Besides the gang worries, Veach stated that the problems that arise are normal for a community of 50,000 people.

"Lost kids, minor theft, and major traffic problems," said Veach. "Those very small things only on a scale much smaller than you would expect."

Dear Editor,

While the office of Main Street Carthage no longer exists, the soul of the programs will remain active through the volunteer efforts of several caring citizens. Thank you to Lana and Ray Mathis for volunteering to manage the Carthage Farmer’s Market, to Pinewood Nursery and Charles Burt Homefolks for planting maple trees throughout the year in the Welcome To Carthage program.

The county commissioners have retained four hanging baskets to keep the downtown in blooms and the Carthage Crisis Center will see that the square is clean and beautiful throughout the remainder of the summer. Susan Cordell will coordinate the Ragtime Festival for the Labor Day weekend to keep those tunes close to the heart of Carthage and the Christmas Parade will be bigger and better through the efforts of Mark Sponaugle and the new parade sponsor, SkillsUSA-VICA.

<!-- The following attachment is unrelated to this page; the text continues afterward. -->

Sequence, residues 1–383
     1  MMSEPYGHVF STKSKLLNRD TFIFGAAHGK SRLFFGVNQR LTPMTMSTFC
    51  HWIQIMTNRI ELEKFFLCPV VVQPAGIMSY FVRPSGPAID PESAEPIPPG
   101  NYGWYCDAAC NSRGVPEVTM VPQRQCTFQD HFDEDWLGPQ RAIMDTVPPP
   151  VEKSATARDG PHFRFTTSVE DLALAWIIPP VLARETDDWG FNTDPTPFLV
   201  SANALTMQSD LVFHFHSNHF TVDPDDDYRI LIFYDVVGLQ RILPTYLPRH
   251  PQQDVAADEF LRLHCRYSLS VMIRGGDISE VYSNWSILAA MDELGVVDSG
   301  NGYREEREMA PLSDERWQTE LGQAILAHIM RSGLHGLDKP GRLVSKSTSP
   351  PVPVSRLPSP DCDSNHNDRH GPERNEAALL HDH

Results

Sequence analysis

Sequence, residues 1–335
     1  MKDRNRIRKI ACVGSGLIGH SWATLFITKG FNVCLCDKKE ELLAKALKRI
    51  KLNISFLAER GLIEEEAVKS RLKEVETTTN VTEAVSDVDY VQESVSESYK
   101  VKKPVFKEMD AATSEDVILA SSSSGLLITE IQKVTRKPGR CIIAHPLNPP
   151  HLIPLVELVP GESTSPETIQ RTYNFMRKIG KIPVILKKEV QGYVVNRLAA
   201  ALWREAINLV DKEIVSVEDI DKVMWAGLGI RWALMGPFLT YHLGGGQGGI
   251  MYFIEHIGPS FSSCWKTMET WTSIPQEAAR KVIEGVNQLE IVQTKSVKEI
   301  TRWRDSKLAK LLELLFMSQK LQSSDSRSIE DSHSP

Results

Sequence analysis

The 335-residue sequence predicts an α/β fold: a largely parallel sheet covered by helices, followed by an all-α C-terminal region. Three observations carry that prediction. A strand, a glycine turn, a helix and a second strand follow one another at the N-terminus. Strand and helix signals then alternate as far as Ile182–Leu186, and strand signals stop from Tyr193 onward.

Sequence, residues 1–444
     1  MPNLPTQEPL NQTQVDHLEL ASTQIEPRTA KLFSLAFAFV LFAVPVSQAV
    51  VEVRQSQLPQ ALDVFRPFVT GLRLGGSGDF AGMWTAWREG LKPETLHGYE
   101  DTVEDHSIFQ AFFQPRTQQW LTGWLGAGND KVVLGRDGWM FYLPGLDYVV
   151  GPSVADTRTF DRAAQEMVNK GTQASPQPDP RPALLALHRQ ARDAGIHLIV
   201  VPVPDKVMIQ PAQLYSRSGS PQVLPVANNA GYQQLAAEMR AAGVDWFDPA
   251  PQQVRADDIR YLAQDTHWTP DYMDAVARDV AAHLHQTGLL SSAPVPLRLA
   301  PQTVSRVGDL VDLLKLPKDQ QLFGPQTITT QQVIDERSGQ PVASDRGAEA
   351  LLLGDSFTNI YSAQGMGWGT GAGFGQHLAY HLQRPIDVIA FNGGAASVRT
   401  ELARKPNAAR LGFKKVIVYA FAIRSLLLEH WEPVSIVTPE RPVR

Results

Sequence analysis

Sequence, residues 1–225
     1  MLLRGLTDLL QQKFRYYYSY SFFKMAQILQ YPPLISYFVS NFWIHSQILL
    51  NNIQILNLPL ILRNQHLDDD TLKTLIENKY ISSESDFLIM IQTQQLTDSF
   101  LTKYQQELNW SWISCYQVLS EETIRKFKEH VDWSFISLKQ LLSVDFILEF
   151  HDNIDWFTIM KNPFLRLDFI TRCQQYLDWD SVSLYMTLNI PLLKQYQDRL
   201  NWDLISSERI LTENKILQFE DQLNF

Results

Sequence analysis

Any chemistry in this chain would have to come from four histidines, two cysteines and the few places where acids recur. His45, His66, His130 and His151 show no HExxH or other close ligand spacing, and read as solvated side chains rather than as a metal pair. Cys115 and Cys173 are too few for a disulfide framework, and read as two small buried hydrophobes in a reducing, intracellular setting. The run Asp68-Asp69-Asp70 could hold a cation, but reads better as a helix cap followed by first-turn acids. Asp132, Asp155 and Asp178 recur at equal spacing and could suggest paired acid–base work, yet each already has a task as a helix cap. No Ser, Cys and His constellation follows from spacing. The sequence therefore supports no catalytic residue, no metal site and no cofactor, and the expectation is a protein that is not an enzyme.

Treats Around the Square, offering a safe outlet for the children of Carthage on Halloween, will be spearheaded by The Carthage Press and the Ticket To The City program will continue to bring smiles to visitor faces under the direction of the Carthage Convention and Visitors Bureau.

A special thanks to the Board of Directors of Main Street Carthage for their commitment to downtown in the past and more importantly, the future, and a pat on the back to everyone who worked hard to preserve our history for our future.

I had a wonderful time and met so many, very special people.

Thank you so much.

Carol Green

Just Jake Talkin'


The rule for our kids for splittin’ up a candy bar or a piece of cake was for one to divide it, the other to choose which piece they wanted. Easy and equitable.

Too bad most decisions aren’t that simple or as fair.

Other decision makers were of course the toss of a coin or drawin’ straws. No argument, just the luck of the draw.